“Scope Creep” is a little goblin who whispers phrases like “surely it’s easy to…” and “Okay, that’s great, but can we just…” into the ears of project sponsors, leading them to try to increase the scope of the project without affecting the budget. This rarely (never!) works…

There should be a change management process in place in case new requirements should arise during the delivery of the project. The impact of addressing these new requirements should be assessed both in terms of the project budget, and the timeline. It’s extremely unusual for new requirements to fail to impact either, if not both. 

There are two widely recognised approaches to managing the risk of project fees:

  • Time and Materials – Any time spent by the project team is charged to the client. If it takes my team thirteen man-days to build a new User Interface because the project sponsor didn’t like the Salesforce look-n-feel, then the project sponsor is going to be paying for another thirteen man-days. In this case, the risk is all on the client, and the change should have been managed from the time the new requirements were added to the scope, or we run a real risk of an unpleasant surprise when the final invoice is raised at project-end. 
  • Fixed Fee – The consultant will typically charge for an initial discovery project, taking a couple of days to set out in some detail the requirements to be addressed and the design to address them, working out how much effort is required to deliver what’s been specified (erring on the side of caution, as a rule) and then adding 10-20% wiggle room to allow for the unexpected. That’s the value of the project that the client is expected to pay; if the project is delivered more efficiently, then the consultant pockets the extra margin. But if something unexpected crops up, then the consultant is on the hook for the extra work required to address it, so in this instance the risk is carried by the consultant.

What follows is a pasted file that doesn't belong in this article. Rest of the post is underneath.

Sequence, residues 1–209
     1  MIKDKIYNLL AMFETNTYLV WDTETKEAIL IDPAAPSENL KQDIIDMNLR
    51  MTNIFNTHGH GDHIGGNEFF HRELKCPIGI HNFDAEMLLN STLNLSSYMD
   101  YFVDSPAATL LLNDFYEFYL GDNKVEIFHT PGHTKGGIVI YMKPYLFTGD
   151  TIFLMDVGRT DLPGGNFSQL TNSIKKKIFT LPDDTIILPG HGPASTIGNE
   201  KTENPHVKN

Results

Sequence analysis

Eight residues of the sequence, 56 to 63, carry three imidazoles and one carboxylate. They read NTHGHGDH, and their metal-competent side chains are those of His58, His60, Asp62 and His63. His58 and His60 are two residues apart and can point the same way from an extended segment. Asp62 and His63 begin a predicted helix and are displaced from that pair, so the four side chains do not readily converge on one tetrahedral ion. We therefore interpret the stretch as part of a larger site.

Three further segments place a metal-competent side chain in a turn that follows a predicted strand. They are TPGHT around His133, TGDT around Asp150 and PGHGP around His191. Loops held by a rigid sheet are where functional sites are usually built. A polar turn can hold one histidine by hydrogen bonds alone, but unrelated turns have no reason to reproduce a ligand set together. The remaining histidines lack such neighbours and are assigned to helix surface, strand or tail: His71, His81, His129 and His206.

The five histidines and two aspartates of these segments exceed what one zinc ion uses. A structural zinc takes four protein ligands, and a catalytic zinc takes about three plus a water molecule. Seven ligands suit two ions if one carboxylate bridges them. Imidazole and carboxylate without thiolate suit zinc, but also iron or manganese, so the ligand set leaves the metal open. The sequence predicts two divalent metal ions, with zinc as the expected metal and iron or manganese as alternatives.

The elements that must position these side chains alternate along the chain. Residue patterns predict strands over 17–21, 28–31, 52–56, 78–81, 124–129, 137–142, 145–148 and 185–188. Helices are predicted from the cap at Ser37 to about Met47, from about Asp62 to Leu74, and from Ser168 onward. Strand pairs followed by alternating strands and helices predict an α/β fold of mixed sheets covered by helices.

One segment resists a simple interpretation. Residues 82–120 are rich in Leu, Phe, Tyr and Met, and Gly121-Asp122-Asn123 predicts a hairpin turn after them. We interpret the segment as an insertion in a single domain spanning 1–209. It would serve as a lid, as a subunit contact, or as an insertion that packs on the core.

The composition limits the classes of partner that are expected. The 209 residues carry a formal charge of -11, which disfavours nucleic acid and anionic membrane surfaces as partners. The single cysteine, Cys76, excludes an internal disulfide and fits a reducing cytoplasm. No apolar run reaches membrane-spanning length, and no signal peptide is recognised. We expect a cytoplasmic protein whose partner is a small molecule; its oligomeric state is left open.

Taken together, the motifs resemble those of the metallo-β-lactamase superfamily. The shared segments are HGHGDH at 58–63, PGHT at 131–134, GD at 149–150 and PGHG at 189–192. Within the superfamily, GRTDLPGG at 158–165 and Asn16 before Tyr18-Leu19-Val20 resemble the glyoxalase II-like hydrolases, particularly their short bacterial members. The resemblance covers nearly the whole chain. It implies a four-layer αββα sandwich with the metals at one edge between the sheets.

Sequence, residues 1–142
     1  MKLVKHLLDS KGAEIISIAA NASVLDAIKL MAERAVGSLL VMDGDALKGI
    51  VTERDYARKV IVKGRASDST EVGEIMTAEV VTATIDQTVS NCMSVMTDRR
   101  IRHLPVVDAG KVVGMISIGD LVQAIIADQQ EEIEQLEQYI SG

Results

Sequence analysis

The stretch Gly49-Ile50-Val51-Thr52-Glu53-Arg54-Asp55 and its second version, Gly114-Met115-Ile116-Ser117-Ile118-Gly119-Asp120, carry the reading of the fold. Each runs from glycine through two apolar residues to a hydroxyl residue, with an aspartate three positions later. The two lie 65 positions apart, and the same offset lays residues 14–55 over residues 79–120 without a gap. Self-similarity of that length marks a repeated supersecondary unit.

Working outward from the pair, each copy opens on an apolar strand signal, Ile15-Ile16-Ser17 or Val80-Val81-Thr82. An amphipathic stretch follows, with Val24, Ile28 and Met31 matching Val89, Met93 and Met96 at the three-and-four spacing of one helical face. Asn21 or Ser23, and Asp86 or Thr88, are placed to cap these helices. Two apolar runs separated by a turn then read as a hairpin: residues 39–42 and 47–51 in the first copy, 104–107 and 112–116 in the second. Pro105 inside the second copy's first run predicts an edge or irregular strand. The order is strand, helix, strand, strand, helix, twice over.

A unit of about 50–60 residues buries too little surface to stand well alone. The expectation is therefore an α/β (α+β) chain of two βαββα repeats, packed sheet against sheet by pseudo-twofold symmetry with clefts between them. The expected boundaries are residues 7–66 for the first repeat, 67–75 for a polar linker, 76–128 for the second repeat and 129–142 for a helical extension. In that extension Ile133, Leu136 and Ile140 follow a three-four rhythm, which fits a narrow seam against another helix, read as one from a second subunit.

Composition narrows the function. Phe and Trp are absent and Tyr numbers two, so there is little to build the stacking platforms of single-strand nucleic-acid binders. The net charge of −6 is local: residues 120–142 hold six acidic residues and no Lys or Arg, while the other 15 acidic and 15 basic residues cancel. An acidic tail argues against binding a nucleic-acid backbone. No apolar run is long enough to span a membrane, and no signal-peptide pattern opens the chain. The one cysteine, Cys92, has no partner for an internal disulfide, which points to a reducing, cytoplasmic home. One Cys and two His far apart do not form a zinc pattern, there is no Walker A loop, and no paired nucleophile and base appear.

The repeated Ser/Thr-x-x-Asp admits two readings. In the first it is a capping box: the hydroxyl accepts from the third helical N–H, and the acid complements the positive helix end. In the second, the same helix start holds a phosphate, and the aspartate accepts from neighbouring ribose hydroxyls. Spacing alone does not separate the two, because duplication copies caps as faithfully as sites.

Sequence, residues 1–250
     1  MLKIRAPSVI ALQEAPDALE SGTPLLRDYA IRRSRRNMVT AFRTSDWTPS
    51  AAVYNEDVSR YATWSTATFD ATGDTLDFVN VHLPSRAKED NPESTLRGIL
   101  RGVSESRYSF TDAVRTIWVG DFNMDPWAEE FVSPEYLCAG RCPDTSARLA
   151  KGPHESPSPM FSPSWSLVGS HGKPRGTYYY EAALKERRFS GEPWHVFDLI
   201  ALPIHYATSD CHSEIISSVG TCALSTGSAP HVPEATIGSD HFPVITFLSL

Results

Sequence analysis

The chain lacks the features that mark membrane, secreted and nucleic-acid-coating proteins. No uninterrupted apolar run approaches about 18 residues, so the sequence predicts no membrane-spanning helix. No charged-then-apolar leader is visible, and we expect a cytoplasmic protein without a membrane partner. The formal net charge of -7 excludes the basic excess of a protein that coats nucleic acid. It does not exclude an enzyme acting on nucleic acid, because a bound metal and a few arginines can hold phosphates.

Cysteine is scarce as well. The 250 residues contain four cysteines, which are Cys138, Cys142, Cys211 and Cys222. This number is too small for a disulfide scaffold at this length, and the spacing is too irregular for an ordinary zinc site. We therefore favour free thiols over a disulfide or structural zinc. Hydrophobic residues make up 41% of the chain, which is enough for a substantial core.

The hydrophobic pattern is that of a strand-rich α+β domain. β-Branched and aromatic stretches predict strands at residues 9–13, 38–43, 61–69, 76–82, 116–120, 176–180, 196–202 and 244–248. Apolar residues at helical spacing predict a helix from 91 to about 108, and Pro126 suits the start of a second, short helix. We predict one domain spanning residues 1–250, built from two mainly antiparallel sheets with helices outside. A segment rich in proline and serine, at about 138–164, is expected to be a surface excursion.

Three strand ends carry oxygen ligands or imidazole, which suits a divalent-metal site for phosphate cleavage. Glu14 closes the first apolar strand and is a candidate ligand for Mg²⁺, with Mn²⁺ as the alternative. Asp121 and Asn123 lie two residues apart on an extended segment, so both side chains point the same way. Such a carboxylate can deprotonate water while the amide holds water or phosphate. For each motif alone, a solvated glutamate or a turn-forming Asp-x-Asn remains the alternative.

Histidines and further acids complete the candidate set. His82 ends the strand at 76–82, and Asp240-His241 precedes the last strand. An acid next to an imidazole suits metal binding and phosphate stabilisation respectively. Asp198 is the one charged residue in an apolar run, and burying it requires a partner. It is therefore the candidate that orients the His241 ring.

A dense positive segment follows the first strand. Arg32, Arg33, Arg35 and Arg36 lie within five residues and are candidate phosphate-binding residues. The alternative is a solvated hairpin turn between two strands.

I do offer a third, hybrid option, where the risk is shared between the consultant and the client: The project is quoted as in “fixed fee”, but the effort to deliver is charged as time-and-materials on a monthly basis. As before, any changes to scope are managed as change requests, but if unexpected circumstances arise (which does happen) and the project slips into extra time despite the change process, the hours spent beyond the “fixed fee” value are charged at half-price. The consultant isn’t working for free, but the client isn’t paying out full price for the additional work required. This can work out to be a good compromise.

If you’ve any questions, or you think I might be able to help, I’d be delighted to hear from you! You can always email me, call me on +44 2393 96 06 42, request a (virtual) meeting or, if you prefer, fill out and submit the form on my Contact page and I’ll get back to you as soon as I can.

How much do Salesforce licences cost?

In a Salesforce solution, the cost of the Salesforce licences depends on the number of users, and which edition of Salesforce is being used. Salesforce is licensed on a “named user” basis, which means that each person who logs in to Salesforce should have their own licence. Having three individuals share a login as “” is a breach of the Master Services Agreement. On the other hand, if we need one user in accounts who will be responsible for logging the successful close of a sale into the accounts system, and then updating the Opportunity when the invoice is paid, then they can use their own login to do so, and the rest of the accounts team can do whatever mysterious stuff it is that accounts do all day… 

In terms of the editions, these break down as follows:

Salesforce Essentials allows the systematic management of leads, customers and opportunities straight out of the box, and is a great place to start if you’re currently tracking leads and sales using Excel, paper, or even your inbox! It isn’t really customisable, so there isn’t a lot of scope for a Salesforce consultant to help beyond a little training.